The arrival of Muslim groups from what is now the southern Philippines over
the past couple of centuries has influenced the food found along Sabah’s coast.
As one might expect, the food of these peoples is dominated by the enormous
variety of seafood available. All kinds of fish, including sharks and stingray,
squid, prawn, lobster, crabs, oysters and many other edible shells found in
the estuaries make the question of what to cook today easily answered.
The food of Sabah’s coastal Muslim is similar to Malay cuisine, and although
dry spices are rarely used, chillies, and plenty of fragrant roots and leaves
more than make up for their absence. Food is often wrapped in banana leaf
after a liberal coating of pounded ingredients and a soak in sour tamarind
liquid- and barbecued over a fire.
Cooks on Sabah’s east coast often find an edible seaweed,
which resembles bunches of minute green grapes, in their markets, although
it is rare on the west coast. This seaweed is eaten raw, combined with shredded
ginger, chopped tomato and a dash of limejuice or coconut vinegar for a gourmet
All the favourite tropical fruits are found in Sabah, which also has a number
of specials found nowhere else. There are at least 14 varieties of local mango,
including the popular bambangan. Another unique wild fruit is the tarap, about
the sized of breadfruit (sukun) with a brownish-green skin. This breaks open
to reveal clusters of sweet flesh clinging to shiny black seeds. The flavour
is vaguely reminiscent of ripe jackfruit, but somewhat more astringent.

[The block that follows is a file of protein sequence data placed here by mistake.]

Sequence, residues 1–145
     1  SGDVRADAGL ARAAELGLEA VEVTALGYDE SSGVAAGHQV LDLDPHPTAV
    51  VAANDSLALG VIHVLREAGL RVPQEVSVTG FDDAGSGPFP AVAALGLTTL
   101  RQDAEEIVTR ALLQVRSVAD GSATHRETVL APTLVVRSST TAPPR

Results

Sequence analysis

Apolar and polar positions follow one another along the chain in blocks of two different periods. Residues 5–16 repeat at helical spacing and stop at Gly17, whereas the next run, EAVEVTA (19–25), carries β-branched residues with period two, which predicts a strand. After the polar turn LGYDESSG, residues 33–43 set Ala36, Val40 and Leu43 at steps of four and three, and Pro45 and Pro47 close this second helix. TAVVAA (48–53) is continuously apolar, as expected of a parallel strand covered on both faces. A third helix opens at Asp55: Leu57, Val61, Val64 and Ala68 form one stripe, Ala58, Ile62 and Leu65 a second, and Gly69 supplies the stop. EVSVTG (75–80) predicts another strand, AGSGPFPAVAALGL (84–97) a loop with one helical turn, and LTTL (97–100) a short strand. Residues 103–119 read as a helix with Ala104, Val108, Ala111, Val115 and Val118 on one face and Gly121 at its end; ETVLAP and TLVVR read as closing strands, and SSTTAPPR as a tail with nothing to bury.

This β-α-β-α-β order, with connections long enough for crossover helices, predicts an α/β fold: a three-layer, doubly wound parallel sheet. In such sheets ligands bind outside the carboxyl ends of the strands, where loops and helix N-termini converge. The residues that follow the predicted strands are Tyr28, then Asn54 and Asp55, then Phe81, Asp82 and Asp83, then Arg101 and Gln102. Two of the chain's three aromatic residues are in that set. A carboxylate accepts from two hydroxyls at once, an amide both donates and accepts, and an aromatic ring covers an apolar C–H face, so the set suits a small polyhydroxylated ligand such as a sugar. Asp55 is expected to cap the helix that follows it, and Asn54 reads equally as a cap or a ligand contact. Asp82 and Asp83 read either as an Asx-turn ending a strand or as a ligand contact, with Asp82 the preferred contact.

The ‘king of fruits’, the durian, flourishes in Sabah, which has 15 wild varieties.
One unique variety has red flesh, and lacks the distinctive fragrance of the
durian. This red durian is – sacrilege to durian lovers elsewhere- fried with
onions and chilli and served as a side dish or sambal.
Another fruit found in Sabah is the yellow-skinned passion fruit, packed full
of tiny black seeds swimming in a very fragrant, slightly sharp juice. Known
in Sabah by its Indonesian name, markisa, this fruit is usually made into
juice sold in bottles or packets.
Most traditional Sabahan food is today available in private homes or at festival,
although visitors may be lucky to find certain dishes at market stalls or
small stalls within a coffee shop or simple restaurant. Hotel buffets often
serve the popular Kadazan raw fish or hinava. Sabah has such an exciting variety
of both people and produce that the food lover can be sure of delicious new
experience, just one of the many charms of this “Land Below the wind”.
Source: Sabah Tourism Promotion Corporation